• In the prospective data, the median amount of prescribed narcotic (in morphine equivalents) that was used was only 27%
  • Procedures associated with the highest amount of narcotic use were orthopedic in nature, particularly knee and shoulder operations

Bottom line: There is a huge amount of variability in prescribing patterns at one academic medical center, and this is probably true at most hospitals. There are a number of factors that contribute: the type of prescriber, local customary practices, type of surgery, and many more. Prescribers are not very experienced in predicting patient needs, and patients do not always do a good job communicating their needs to the clinicians.

In the next post, I’ll describe a suggested practice guideline that seeks to bring some sense to this complex topic.

Reference: Post-discharge opioid prescribing and use after common surgical procedures. J Am Coll Surg 226(6):1004-1013, 2018.

Opioids In Trauma Care: Food For Thought

Here’s something I ran across during my reading last week. In the “old days”, I used to encourage my trainees to be generous with pain medicine prescriptions for patients being discharged from the hospital. I would routinely send people home with 60, 75, or more pills. I got a hint of the folly of this just a few years ago when I underwent an outpatient procedure (biceps tendon repair).

The orthopedic surgeon prescribed 15 narcotic pain pills for me to take home. I scoffed at the low number, although I didn’t tell him that. But once I got home and the regional block wore off, how many do you think I took? Exactly one. I (safely) disposed of the rest. This prompted me to start rethinking our role in the opioid problem here in the US.

Tomorrow, I’ll write about a recently published paper and guideline for discharge opioid prescriptions. But today, watch the TED talk embedded below. It reveals the inadequacies within our health care system for those who, one way or another, have developed a dependence on these medications. It was an eye-opener for me.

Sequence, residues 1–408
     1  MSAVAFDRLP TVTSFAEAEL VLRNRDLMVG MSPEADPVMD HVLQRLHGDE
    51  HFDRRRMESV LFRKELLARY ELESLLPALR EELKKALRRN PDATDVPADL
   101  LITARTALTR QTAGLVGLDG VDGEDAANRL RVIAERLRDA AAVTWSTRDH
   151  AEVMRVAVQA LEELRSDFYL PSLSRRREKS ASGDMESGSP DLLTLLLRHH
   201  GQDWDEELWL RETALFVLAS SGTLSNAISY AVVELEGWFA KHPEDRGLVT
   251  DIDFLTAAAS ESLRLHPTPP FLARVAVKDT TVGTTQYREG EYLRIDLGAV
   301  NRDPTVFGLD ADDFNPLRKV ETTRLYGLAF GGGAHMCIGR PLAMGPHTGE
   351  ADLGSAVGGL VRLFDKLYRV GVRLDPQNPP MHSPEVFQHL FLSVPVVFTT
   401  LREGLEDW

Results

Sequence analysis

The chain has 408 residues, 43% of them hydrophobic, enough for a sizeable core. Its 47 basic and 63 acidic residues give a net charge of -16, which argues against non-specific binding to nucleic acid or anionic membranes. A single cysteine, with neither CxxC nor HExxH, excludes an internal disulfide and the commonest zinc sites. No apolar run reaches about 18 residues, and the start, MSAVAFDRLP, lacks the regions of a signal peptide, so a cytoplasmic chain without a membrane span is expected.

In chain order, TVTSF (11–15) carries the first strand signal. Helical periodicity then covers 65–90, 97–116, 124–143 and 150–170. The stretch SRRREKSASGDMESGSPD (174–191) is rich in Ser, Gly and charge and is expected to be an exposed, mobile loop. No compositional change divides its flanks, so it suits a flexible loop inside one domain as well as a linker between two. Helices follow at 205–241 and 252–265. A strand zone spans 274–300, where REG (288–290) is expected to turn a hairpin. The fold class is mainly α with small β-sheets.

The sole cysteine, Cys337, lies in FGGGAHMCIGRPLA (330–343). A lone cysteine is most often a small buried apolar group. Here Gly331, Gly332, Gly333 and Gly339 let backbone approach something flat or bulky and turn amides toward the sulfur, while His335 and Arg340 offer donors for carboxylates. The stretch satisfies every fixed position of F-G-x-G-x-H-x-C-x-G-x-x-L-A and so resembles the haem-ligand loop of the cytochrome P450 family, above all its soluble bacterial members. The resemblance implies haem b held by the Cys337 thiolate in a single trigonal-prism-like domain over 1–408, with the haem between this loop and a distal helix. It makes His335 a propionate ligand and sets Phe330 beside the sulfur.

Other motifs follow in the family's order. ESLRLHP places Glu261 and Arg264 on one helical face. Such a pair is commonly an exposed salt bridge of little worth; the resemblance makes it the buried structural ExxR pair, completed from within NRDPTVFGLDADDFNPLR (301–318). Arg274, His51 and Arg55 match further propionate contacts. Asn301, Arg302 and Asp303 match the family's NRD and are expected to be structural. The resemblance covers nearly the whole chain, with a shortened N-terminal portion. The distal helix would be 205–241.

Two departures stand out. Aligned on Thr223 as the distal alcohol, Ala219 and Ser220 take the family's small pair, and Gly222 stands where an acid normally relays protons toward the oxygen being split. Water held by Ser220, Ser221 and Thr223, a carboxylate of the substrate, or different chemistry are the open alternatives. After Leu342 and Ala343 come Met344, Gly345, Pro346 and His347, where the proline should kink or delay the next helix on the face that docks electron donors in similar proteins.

The Handoff In Damage Control Surgery

Damage control is over 25 years old already! We continue to refine the techniques and closure techniques/devices, and have developed novel ways to speed closure of the abdominal wall in order to avoid pesky hernias. But the process itself is time intensive, and typically several days pass with regular returns to OR until closure is achieved.  This is one of the prime areas in which human error can occur, especially with modern service-style coverage of trauma patients.

In the old days, trauma patients were admitted by their surgeon, and that person provided their care nearly continuously until discharge. He or she rounded on them daily, took them back to the OR when needed, and then discharged them.

This is less practical (and desirable) in this day and age. And even if it seems possible, it’s not. No one can be on call 24 hours a day, and provide comprehensive care to every patient, around the clock. Many trauma programs have adopted a “service model”, where patients are admitted to a defined care team and managed by them. The team is led by a surgeon, but that person may change on a weekly (or in some cases nearly daily) basis. I call this the “interchangeable head” model, and to make it work there must be excellent handoffs during any leadership change.

In some cases, a patient may undergo a damage control procedure by one surgeon, but another must do the takeback and possibly the definitive closure. In this case, the handoff is critical! It is paramount that the next surgeon know everything about the first case so that they can perform the correct procedure.

How can this be accomplished? Here are some tips:

  • Do not rely on the medical record and previous operative note. It may not be available, and there is usually some loss of information in recording it anyway. Don’t believe it.
  • Ideally, meet face to face with the previous surgeon(s). Get the blow by blow description of exactly everything that was done and how. Also discuss what still needs to be done, and when. Try to maintain a uniform philosophy of patient care across surgeons.
  • If face to face is not possible, a telephone call is acceptable. The discussion is exactly the same.
  • If the surgery occurred at an outside hospital and was then transferred, you must call the initial surgeon to have this discussion before going to the OR!
  • If something unexpected is encountered during the case, make sure you have contact information so you can call during the case.

Applying these concepts will decrease the possibility of error, as well as the likelihood of any iatrogenic harm to these complex patients.

Home of the Trauma Professional's Blog

Do you want to get a daily email every time there’s a new post? See what I’m up to.

Click here to get details and subscribe!

Request a Topic

Subscribe now to the Trauma MedEd Newsletter and get a free copy of my guide, "How To Keep Up With Your Literature"!